The conversation on this topic, which certainly is of self-interest to the Compass, arises in the context of a pair of recent stories, one on government’s media apparatus and another on liquor advertisements. Both serve to reinforce two general principles we advocate in the interest of taxpayers, consumers and companies.
The public sector should not insert itself into direct competition with the private sector, unless it is to meet a legitimate unfulfilled public need.
The government should refrain from putting restrictions on the private sector, apart from ensuring public health and safety.
Put another way, government should be supporting the private sector (which funds its operations), not competing with it.
Case in point: A discussion last week in the Legislative Assembly highlights the government’s ineffectual efforts to participate in the media marketplace.
Under questioning by elected members, Cabinet Secretary Samuel Rose — whose office is responsible for government public communications including Government Information Services, CIG-TV and Radio Cayman — claimed that the government’s contract with cable provider WestStar limits CIG-TV’s chances of success.
Mr. Rose said one reason for the dearth of content on CIG-TV is that “the agreement with WestStar prevents us from providing any content that would take sponsorships away from WestStar.”
What? Who in government signed that agreement?
Then, Premier Alden McLaughlin said Radio Cayman doesn’t broadcast Legislative Assembly proceedings during the days and evenings because uninterested listeners would turn the dial and cause the station to lose advertising revenue.
It’s hard to argue with that.
Mr. McLaughlin said, “Radio Cayman has lots of competition for those commercial dollars.”
Exactly. And the competition is coming from the private sector. The government needs to decide if it’s going to be running a radio and TV station as a public information service or as a money-making endeavor at the expense of legitimate private sector businesses.
Currently it’s failing by either measure, and the government expects to expend some $2.15 million in public funds next year for its ill-performing communications apparatus, including GIS, CIG-TV and Radio Cayman.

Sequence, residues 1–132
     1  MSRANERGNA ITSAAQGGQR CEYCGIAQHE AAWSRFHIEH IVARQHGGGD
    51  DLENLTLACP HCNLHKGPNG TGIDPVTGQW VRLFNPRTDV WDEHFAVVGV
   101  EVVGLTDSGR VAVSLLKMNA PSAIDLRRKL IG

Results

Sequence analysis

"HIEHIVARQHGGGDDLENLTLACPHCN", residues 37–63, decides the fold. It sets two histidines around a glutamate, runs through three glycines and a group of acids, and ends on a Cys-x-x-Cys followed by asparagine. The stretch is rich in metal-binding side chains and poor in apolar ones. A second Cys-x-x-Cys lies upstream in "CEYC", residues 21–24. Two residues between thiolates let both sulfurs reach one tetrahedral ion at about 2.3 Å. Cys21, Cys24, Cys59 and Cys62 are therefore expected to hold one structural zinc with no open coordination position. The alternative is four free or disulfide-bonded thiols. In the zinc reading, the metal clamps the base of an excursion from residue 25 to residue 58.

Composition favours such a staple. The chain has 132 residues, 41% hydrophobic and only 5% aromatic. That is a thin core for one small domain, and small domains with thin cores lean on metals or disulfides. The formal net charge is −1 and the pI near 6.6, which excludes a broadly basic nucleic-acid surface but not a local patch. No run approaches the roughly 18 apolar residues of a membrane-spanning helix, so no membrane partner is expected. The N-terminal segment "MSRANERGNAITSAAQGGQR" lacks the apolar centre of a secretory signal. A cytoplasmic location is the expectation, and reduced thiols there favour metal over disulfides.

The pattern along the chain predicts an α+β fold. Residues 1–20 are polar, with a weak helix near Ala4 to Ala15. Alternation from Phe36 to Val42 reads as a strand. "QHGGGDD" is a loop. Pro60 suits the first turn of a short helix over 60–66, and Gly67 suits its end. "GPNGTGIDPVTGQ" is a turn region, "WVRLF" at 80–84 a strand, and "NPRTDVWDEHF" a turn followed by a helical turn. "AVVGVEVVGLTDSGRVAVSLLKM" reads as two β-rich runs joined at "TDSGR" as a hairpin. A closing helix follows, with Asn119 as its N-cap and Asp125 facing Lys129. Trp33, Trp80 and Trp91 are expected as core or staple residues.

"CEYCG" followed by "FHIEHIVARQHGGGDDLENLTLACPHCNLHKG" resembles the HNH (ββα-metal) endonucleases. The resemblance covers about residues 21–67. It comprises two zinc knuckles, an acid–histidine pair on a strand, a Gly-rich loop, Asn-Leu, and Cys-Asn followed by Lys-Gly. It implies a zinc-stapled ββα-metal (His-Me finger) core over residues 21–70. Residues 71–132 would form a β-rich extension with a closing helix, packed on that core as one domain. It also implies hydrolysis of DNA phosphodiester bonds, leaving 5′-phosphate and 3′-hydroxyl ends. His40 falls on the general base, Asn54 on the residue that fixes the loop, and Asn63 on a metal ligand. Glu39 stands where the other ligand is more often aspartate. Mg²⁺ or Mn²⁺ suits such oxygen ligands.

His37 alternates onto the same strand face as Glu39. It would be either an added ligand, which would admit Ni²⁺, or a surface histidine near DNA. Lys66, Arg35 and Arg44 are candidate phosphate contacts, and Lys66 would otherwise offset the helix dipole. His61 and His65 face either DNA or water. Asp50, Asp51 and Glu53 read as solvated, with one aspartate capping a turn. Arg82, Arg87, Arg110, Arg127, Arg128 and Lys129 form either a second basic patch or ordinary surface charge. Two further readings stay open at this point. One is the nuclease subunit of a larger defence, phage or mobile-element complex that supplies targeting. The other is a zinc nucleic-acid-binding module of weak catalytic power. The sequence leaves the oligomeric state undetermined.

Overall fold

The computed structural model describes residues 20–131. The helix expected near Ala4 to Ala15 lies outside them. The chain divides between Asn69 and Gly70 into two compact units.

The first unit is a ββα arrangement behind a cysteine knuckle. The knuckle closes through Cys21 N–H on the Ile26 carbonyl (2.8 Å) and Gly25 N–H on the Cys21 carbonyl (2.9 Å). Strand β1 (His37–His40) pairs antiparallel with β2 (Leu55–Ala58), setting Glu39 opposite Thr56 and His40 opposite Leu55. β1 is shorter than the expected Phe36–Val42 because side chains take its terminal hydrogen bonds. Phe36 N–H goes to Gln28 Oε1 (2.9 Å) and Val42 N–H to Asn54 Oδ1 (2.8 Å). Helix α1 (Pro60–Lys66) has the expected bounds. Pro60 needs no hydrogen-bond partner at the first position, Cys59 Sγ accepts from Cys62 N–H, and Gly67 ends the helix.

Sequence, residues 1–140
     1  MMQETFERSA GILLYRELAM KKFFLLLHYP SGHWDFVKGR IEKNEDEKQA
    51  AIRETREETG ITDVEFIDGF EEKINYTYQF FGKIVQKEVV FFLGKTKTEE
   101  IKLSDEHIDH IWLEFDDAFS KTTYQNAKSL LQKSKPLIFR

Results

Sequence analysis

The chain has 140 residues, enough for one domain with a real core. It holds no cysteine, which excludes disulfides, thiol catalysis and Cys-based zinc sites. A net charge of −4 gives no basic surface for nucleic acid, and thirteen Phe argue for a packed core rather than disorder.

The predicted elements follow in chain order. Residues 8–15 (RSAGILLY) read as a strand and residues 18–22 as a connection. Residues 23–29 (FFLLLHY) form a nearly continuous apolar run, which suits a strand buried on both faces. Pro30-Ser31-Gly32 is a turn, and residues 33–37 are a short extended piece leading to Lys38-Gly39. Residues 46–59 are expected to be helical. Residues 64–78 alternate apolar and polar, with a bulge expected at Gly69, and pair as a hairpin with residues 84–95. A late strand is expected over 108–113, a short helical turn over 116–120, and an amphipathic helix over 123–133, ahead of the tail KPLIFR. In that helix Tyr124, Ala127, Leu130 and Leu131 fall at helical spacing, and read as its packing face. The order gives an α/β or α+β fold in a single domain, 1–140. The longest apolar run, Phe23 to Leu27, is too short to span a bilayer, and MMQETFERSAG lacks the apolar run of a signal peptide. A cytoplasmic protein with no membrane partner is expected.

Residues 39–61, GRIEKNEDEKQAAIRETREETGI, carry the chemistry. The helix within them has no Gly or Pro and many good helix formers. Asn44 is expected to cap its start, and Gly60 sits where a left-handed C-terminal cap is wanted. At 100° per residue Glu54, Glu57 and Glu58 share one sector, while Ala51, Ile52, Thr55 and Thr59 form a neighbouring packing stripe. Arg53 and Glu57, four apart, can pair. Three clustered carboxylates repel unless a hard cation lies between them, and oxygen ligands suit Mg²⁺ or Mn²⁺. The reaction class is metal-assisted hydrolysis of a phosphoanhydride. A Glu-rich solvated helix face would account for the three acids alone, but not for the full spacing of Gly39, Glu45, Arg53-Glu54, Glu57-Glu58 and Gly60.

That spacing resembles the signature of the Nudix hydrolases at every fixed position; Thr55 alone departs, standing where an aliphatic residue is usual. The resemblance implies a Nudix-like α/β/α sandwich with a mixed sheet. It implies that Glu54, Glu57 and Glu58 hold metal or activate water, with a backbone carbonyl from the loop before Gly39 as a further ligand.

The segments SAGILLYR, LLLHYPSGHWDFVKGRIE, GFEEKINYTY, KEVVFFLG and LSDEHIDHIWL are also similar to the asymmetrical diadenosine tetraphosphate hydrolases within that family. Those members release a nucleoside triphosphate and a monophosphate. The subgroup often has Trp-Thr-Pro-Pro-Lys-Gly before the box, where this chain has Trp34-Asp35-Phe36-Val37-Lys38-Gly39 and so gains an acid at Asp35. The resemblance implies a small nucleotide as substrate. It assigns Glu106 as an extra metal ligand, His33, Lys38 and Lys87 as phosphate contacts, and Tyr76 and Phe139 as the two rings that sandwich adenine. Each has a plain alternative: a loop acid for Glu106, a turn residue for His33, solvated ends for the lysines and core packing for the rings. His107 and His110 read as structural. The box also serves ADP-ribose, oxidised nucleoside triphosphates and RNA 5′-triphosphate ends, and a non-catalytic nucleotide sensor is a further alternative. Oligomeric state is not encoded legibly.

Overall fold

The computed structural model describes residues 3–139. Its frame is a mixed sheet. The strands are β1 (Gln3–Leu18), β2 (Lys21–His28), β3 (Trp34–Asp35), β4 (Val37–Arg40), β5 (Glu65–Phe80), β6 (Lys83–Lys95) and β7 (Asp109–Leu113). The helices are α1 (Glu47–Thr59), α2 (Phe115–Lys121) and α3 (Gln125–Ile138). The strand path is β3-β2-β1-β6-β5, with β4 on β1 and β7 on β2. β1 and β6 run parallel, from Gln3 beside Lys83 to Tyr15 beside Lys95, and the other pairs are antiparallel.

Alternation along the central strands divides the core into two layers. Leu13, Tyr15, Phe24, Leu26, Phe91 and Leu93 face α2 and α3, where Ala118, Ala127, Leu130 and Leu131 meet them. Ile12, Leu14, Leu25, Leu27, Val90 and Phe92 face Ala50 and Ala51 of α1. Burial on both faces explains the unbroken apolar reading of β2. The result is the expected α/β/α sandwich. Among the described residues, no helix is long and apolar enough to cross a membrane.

Our recommendation is to shut down GIS, sell Radio Cayman, and enhance and improve the offerings of CIG-TV.
In another media matter, the government then donned its hat as regulator of its rivals in the private sector, considering whether alcohol advertising should be allowed in local publications.
While this has been a pet issue of North Side MLA Ezzard Miller for some time, the current discussion apparently stems from a National Drug Council report on youth drinking trends. While we place no stock in the Drug Council or its reports, we don’t diminish the undesirability of underage substance use, or the probability of its prevalence in Cayman.
That said, however, alcohol is a legal product and, it follows, so should be its sale via advertising. Underage drinking is a matter for parents, health officials and law enforcement, not the morality or media police.
Currently, liquor advertising is allowed in print publications, on signs and online, but is prohibited in broadcast media, such as TV and radio.
In the age of satellites (which beam down to Cayman hundreds of broadcast channels, many of them containing liquor advertising), cellphones, cable, and the Internet, the very idea of debating a local ban on printed liquor ads is beyond parochial.
We would remind the good member from North Side that dozens of print publications — local and international — containing alcohol advertisements are readily available at every newsstand on the island. Instead of extending the ban to print, lawmakers should throw out the anachronism altogether.